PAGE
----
There are over 300 different types of counselling and psychotherapy currently being practised in the UK but one of the most important factors in terms of successful therapy is a good therapeutic relationship between client and therapist.
At the London Counselling Collective we offer a range of approaches and will work with you to find the most appropriate therapist and therapeutic approach for your needs.
Some of the therapeutic approaches we offer are outlined below.
Integrative Counselling and Psychotherapy
Integrative therapists are trained to draw on a range of skills, ideas and theories from the key psychological models in order to meet the individual needs of the client and the specific issues they bring to the therapy room.
The integrative approach is rooted in the belief that every person is different and that counselling needs to reflect this. It also acknowledges that different problems call for a different integration of approaches. For example, while someone with a clear focus in mind for counselling might benefit from a more structured approach, someone else, who is less sure of the origins of their difficulties, may want to work in a more explorative way. In addition, the same person might at one point want to work in either of these ways.
The integrative counsellor will often combine short term solution-focussed strategies with longer term psychodynamic work – supporting the client to cope with their immediate problems while taking the long view in relation to working towards a better future by way of understanding the impact of the past.
Person Centred Counselling
Person-Centred counselling is based on the principle that the counsellor provides three Core Conditions in the therapy room, that are, in themselves, therapeutic.
These Core Conditions are
– Unconditional Positive Regard, that is, a warm, positive, receptive, non-judgemental attitude towards the client
– Empathic Understanding, that is, the ability to imagine oneself in the other person’s position and to view the world from their perspective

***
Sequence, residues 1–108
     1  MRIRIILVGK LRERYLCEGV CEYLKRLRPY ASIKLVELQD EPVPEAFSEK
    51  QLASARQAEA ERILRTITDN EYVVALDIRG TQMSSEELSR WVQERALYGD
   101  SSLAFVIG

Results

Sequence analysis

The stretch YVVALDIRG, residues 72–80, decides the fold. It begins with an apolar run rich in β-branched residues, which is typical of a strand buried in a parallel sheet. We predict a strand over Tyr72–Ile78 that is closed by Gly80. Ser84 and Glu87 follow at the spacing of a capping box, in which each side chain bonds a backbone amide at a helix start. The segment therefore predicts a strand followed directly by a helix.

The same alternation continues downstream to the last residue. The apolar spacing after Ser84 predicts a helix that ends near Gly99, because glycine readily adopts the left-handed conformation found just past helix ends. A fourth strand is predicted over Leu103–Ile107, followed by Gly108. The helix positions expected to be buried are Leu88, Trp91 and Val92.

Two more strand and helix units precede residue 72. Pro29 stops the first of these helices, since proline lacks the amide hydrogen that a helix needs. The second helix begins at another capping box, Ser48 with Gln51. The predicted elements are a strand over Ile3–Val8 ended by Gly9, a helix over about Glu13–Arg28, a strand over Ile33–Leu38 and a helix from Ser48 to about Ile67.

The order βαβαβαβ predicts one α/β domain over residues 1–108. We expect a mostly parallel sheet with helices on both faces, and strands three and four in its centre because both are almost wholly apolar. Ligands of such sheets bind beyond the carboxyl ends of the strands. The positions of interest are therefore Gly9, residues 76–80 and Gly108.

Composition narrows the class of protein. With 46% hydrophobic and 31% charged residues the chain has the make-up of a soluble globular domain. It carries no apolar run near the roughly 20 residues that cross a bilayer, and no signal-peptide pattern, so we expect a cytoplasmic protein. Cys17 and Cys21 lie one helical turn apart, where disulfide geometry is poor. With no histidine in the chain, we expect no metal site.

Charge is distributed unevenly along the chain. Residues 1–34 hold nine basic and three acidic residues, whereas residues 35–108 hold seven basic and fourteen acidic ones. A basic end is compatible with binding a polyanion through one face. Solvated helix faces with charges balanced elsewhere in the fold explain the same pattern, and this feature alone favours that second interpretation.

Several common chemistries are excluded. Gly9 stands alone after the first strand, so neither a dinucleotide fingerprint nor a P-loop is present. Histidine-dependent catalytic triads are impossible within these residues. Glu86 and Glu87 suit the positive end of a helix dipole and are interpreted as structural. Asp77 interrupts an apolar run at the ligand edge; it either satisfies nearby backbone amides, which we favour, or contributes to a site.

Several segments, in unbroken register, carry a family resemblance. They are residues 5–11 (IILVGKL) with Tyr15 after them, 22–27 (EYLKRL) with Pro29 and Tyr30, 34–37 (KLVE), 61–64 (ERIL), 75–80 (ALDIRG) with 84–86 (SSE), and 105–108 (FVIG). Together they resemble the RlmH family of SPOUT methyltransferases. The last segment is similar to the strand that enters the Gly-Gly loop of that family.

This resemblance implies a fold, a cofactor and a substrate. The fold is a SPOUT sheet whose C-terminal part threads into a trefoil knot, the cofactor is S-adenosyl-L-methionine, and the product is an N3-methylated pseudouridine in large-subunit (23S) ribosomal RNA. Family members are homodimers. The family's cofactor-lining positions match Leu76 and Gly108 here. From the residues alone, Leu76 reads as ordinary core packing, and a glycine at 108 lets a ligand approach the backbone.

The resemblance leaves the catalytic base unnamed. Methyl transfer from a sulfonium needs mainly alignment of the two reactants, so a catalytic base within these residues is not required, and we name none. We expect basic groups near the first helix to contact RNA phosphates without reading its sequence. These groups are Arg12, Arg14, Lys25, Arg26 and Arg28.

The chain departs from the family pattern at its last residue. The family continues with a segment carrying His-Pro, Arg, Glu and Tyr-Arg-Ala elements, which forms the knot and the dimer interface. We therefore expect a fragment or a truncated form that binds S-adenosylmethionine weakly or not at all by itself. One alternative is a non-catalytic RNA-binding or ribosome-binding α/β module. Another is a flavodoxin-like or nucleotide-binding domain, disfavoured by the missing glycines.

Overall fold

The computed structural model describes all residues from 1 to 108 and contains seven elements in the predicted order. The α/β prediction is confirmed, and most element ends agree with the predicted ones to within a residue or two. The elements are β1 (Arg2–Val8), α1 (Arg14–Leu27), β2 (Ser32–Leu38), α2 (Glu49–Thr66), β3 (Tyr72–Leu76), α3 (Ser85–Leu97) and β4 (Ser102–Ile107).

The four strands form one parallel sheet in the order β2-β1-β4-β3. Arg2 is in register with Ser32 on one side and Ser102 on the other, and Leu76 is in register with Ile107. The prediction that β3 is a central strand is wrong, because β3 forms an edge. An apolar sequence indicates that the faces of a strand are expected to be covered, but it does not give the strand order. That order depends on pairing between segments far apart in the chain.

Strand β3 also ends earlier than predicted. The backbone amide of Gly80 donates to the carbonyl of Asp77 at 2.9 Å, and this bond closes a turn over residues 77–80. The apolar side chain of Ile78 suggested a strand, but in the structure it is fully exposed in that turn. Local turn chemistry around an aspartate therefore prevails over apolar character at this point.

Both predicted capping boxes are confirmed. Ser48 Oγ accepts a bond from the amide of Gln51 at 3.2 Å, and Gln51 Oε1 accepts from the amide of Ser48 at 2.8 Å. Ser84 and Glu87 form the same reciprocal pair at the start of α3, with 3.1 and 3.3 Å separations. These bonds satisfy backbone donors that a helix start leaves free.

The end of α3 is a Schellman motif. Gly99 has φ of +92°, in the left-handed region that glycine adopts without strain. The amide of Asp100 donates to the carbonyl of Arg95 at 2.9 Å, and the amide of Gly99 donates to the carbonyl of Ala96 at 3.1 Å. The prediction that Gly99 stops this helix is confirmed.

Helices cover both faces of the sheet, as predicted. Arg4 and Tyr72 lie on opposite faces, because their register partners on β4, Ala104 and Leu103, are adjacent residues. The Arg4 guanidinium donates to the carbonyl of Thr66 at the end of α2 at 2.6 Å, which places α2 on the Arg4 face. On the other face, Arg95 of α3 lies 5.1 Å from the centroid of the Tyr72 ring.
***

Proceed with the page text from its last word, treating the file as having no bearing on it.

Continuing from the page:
– Congruence, or quite simply, honesty and openness.
The relationship between the client and the counsellor is central and the counsellor uses the relationship with the client as a means of healing and change.
Cognitive Behaviour Therapy
This is a more directive style of counselling, working with an understanding of how people’s beliefs about themselves and the world shape the way they interpret their experiences. The objective is to challenge self-limiting beliefs and behaviours by offering new perspectives and work towards replacing negative ways of thinking with more balanced and often more positive ones.
Mindfulness Based Cognitive Therapy
This is a psychological therapy which blends features of Cognitive Therapy with Mindfulness approaches. Rather than correcting cognitive distortions, MBCT works with accepting thoughts and feelings without judgement. Recognising that our thoughts are our interpretation of events, not “reality”, we can relate to them more lightly and respond to them more creatively without getting drawn in to automatic and unhelpful reactions, such as rumination (circular thinking), anxiety and depression.
This is an approach with a philosophical basis that operates from the belief that inner conflict arises from an individual’s confrontation with the givens of existence. These givens include: the inevitability of death, freedom and the responsibilities that come with it, our existential isolation and questions around the meaninglessness of existence.
These four givens are seen as predictable tensions and paradoxes of the four dimensions of human existence, the physical, social, personal and spiritual realms.
The psychodynamic approach gives greater emphasis to the impact of our childhood experience than some of the other approaches. This means that therapy will not just concentrate on the present problem and the way forward but will also focus on the importance of past experiences and past relationships as a way of making sense of present concerns.
The other key difference is a belief in the significance of unconscious processes – that is, psychological processes that lie outside our awareness but motivate and effect our feelings and behaviour. Psychodynamic practitioners also work with transference – that is, the way in which clients may relate to the therapist in a way that is connected to the relationships they have with significant others outside the therapy room.
This approach emphasises people’s personal responsibility for their feelings, thoughts and behaviour. It believes people can change, if they actively decide to replace their usual patterns of behaviour with new ones.
The counsellor offers ‘permission’ for new messages about yourself and the world, ‘protection’ when the changing of behaviours and thoughts feels risky, and ‘potency’ to make the changes you choose.
London Counselling Collective seek to be aware of the particular needs of those from minority ethnic or religious backgrounds; those with disabilities, illness or age-related disadvantages, and those whose gender or sexuality makes them feel vulnerable or marginalised – always respecting the gifts inherent in those self-same attributes.